This led to me spending a truly embarrassing amount of time watching clips of Ramin Karimloo on YouTube. I got really disappointed that I wouldn’t be able to see him in Les Mis again–my new job (which I’m liking so far) started the day after Ramin’s last show, so going down for that was out of the question. But then I remembered that he was playing two concerts at BB King’s in New York the following weekend- and I was pretty sure I could make it down for the Saturday show.


So I did.


I have Ramin’s album and, like I said, have spent a ridiculous amount of time watching him on YouTube. He does these shows in a style he calls “broadgrass”–everything from Broadway to bluegrass, and sometimes Broadway in the style of bluegrass (like singing “Bring Him Home” on a banjo). I love, love, love this guy’s voice, and I was excited to see what he’d do at the show. (And, let’s be honest, also a bit excited to look at him.)


The show was at BB King’s on 42nd Street, which has first-come, first-served seating. It started at 7:30 with doors opening at 6. I got there at 5 and the line was already pretty long. I’d brought a book to read while I stood there. The crowd was, hilariously, about 90% female.


I was standing there in line when suddenly I heard screaming coming from up ahead in line…and the next thing I knew, Ramin was standing right in front of me. Because he’s freaking awesome, he’d decided to come out and say hi to everyone waiting in line. I said hi, and he shook my hand and said, “Thank you for coming.” I think I started to tell him that I’d come in from Boston, but he’d moved on by then.


So it was a pretty amazing night already. I had not been prepared for Ramin walking right up to me, so unfortunately, I didn’t have my phone out and didn’t get another picture of me with him, but I did get a shot of him with the people behind me. (Random side note: when I ended up sitting at a table with some random people, whom I talked to, they told me that a minute after Ramin came out, George Takei walked by! I didn’t see him at all and wouldn’t have believed it if they  hadn’t shown me the picture they took with George.)

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I settled in at the table once they let us in and talked to the people around me. There was an opening act, Jamie Cunningham, who told us about how he became the opener after connecting with Ramin on Twitter. And then it was time for broadgrass!


He sang all kinds of things- songs from his album, songs from shows he’d been in, songs from shows he hasn’t been in, bluegrass, Broadway in the style of bluegrass, original songs, covers, mashups, you name it. He also made me tear up when he sang “Bring Him Home” and dedicated it to Kyle Jean-Baptiste.


Most of the concert ended up on YouTube, and I’ve been rewatching obsessively. A few favorites: here he sings “Make Them Hear You” from Ragtime, a fantastic song that his voice is perfect for:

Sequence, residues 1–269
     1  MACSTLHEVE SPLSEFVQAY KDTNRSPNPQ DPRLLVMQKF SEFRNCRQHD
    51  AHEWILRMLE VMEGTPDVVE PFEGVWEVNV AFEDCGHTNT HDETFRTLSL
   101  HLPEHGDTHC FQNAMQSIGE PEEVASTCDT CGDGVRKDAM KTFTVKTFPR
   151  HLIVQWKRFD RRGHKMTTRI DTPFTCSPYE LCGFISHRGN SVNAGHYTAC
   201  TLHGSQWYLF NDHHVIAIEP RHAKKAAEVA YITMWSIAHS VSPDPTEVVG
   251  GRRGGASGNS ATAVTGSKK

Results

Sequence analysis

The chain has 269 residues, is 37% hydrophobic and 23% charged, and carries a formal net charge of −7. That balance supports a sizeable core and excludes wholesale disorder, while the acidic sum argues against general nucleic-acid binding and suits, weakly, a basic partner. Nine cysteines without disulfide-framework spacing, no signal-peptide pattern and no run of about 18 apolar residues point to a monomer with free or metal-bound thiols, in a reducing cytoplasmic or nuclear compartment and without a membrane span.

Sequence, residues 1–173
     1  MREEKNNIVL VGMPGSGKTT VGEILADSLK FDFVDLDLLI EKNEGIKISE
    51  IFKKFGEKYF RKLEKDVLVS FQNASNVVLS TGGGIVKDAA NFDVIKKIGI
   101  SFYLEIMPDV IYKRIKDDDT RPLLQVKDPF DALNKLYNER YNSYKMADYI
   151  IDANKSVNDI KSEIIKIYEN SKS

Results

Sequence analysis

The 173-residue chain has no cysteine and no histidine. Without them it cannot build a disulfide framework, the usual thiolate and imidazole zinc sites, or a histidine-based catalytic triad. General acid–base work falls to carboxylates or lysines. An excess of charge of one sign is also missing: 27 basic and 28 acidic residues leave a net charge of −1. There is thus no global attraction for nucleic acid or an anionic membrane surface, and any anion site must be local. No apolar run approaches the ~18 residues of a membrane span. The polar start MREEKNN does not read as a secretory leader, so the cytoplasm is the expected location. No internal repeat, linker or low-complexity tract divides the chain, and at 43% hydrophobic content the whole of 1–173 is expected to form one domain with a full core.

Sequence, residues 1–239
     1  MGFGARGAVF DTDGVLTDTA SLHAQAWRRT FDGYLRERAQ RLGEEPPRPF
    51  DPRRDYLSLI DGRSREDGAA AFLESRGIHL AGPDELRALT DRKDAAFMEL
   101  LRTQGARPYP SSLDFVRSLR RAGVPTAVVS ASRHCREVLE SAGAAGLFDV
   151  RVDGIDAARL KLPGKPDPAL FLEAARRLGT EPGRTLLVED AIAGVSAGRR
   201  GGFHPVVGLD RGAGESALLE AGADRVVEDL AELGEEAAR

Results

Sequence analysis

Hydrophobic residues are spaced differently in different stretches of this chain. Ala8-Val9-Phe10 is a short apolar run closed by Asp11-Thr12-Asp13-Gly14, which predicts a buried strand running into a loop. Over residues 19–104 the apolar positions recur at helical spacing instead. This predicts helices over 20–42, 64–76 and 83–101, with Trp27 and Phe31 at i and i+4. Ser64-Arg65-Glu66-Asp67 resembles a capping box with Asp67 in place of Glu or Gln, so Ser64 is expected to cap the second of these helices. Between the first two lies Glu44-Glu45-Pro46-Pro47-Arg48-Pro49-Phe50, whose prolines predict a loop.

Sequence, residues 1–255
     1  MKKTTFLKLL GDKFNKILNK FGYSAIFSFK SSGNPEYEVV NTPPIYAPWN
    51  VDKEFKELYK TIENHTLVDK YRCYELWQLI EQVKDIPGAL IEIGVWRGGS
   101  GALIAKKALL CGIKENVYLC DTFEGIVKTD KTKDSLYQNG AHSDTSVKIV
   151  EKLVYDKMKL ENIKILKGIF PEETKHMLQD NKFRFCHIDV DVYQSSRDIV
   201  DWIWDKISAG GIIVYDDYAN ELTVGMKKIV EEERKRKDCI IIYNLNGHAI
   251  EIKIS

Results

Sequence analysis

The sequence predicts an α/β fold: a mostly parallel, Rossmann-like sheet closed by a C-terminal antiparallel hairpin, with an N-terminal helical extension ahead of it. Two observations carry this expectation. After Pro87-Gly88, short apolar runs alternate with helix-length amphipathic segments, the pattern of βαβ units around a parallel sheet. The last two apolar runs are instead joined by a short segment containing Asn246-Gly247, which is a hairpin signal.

I wasn’t familiar with James Bay, but after Ramin covered his song “Scars,” I looked it up and…sorry, James Bay, but I think I like Ramin singing it better: :


And here’s “Oh What a Beautiful Morning” from Oklahoma!, broadgrassed-up. Beautiful morning, beautiful man.


I think I get it now– how people get a high from live music, because while it had happened to me with musical theater before, this was the first time I got it from a concert. I don’t know how many artists could provoke this kind of reaction in me, but I understand now the feeling people get from live shows.


What I understand even less now, though, is looking down on other people because of their taste in music. Ramin’s music does something to me that I can’t even describe, but I know it’s not everyone’s cup of tea. And there are people out there who have the same kind of experience I just had with music I don’t like or am indifferent to.


I wish I could do a better job explaining the feeling I’ve had since that concert last week. But it’s like dancing about architecture.

Things I Loved in 2014

I did a “Things I Loved This Year” post for 2013, and here’s another one of sorts for this year. One thing I’ve noticed is that I’m consuming fewer and fewer things that I dislike. I think I’ve just gotten better at realizing what I like. Every book I read this year got at least three stars on Goodreads. I only saw a few new movies and didn’t hate the ones I did see. If I wasn’t getting into a show, I didn’t continue watching it—I stopped watching How to Get Away with Murder after five episodes and didn’t make it past the pilot of The Leftovers. (I did stick with Season 3 of Homeland to see how it ended, but didn’t continue with Season 4.)